Simple calculation such as adding the values in a range of cells or counting the values in reach of cells is something that you would have to do when working with data in Excel.

And in some cases, you may have to count only those cells that meet a specific criterion.

And you can easily do that with the **COUNTIF function in Excel**

In this tutorial, I will show you how the Excel COUNTIF function works with simple examples add a detailed explanation

Let’s first look at the syntax of the COUNTIF function:

## Excel COUNTIF Function Syntax

=COUNTIF(range, criteria)

where

**range**is the range of cells where you want to count cells that meet the condition**criteria**is the condition that must be evaluated against the range of cells for a cell to be counted.

## Excel COUNTIF Function Examples

Now let’s have a look at some examples that will show you how to use the COUNTIF function in Excel.

### Count Cells With a Specific Text String

With the COUNTIF function, you can count all the cells that contain a specific text string.

Suppose you have a dataset as shown below and you want to count all the cells that have the text Printer in it.

Here is the formula that will do this:

=COUNTIF(A2:A9,"Printer")

The above formula uses the text I specified as the second argument as the criteria and counts all the cells that have the same text (which is “Printer”)

In this example, I have manually entered the criteria text, but you can also refer to a cell that contains the criteria text.

Note: Criteria text in the COUNTIF formula is not case sensitive. So I can also use ‘printer’ or ‘PRINTER’, as the result would still be the same

### Count Cells Value Greater than or Less than

Just like I used the COUNTIF function with text, I can also use it with cells containing numbers.

Suppose I have a dataset as shown below and I want to count all the cells where the number in column B is greater than 30.

Below is the formula that will do this:

=COUNTIF(B2:B10,">30")

The above formula uses the greater than an operator with the number as the criteria. This tells Excel to only consider those cells where the value is more than 30.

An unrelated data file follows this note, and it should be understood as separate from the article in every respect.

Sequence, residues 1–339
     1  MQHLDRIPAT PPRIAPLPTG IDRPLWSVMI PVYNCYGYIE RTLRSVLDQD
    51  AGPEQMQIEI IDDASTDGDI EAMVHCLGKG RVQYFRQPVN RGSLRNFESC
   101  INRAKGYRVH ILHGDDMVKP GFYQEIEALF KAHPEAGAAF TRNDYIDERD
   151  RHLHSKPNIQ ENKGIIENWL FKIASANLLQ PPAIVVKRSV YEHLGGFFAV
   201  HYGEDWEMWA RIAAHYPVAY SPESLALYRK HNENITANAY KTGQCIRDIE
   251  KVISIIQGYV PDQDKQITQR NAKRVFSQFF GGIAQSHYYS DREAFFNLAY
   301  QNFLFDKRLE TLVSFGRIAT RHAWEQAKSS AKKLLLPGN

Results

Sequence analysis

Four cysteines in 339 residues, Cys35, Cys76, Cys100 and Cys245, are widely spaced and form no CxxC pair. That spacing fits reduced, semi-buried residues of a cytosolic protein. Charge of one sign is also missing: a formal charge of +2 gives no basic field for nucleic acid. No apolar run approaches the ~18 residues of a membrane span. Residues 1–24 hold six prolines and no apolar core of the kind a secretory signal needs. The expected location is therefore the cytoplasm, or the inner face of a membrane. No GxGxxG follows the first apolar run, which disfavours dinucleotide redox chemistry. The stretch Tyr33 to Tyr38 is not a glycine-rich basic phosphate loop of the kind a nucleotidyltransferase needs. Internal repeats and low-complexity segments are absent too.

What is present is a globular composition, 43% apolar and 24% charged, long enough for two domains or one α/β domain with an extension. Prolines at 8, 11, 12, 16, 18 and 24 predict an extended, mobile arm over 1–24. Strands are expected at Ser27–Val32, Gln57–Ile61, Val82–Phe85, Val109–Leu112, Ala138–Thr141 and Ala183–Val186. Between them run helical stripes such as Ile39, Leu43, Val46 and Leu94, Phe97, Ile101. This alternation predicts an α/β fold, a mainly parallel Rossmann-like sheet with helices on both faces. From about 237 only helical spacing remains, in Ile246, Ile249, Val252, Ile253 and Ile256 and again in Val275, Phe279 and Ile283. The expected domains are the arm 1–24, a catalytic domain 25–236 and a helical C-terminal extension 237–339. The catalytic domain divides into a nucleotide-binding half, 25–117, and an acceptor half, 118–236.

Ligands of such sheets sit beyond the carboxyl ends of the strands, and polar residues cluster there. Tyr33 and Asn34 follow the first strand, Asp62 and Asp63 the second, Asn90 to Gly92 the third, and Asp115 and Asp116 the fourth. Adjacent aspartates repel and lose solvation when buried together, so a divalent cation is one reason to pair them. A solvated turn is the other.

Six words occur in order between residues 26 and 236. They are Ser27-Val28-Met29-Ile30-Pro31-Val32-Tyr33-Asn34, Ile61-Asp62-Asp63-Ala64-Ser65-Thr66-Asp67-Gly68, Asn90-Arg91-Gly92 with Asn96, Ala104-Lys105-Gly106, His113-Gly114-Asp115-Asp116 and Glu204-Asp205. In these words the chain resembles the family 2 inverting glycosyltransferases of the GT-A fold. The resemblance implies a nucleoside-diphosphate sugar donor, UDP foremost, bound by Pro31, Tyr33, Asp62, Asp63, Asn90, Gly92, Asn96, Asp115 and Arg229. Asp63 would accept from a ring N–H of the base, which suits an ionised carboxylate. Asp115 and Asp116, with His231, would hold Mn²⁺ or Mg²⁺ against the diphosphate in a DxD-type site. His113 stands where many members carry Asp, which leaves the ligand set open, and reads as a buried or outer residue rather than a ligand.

You can also use other operators such as less than (<). equal to (=), and not equal to (<>) in the COUNTIF criteria.

### Count Cells that Contain Text String

While there is the COUNTA function that counts the cells that contain numbers, there is no in-built formula that can count only those cells that contain a text string.

But it can easily be done using the COUNTIF function.

Suppose you have a dataset as shown below and you only want to count the number of cells that are text (and ignore the numbers).

Here is the formula that will do this:

=COUNTIF(A2:A10,"*")

The above formula uses an asterisk (which is a wildcard character). An asterisk represents the text of any length.

So this criteria would count all the cells where there is any text string (of any length). In case the cells are empty/blank or have numbers in them, then those would not be counted.

## Some Additional Notes

- Criteria could be a number, expression, cell reference, text, or a formula.
- Criteria which are text or mathematical/logical symbols (such as =,+,-,/,*) should be in double-quotes.

- Wildcard characters can be used in criteria.
- There are three wildcard characters in Excel – the question mark (?), an asterisk (*), and tilde (~)
- A question mark (?) matches any single character
- An asterisk matches (*) any sequence of characters.
- If you want to find an actual question mark or asterisk, type a tilde (
**~**) before the character.

- There are three wildcard characters in Excel – the question mark (?), an asterisk (*), and tilde (~)
- Criteria are case-insensitive (“Hello” and “hello” are treated as the same).

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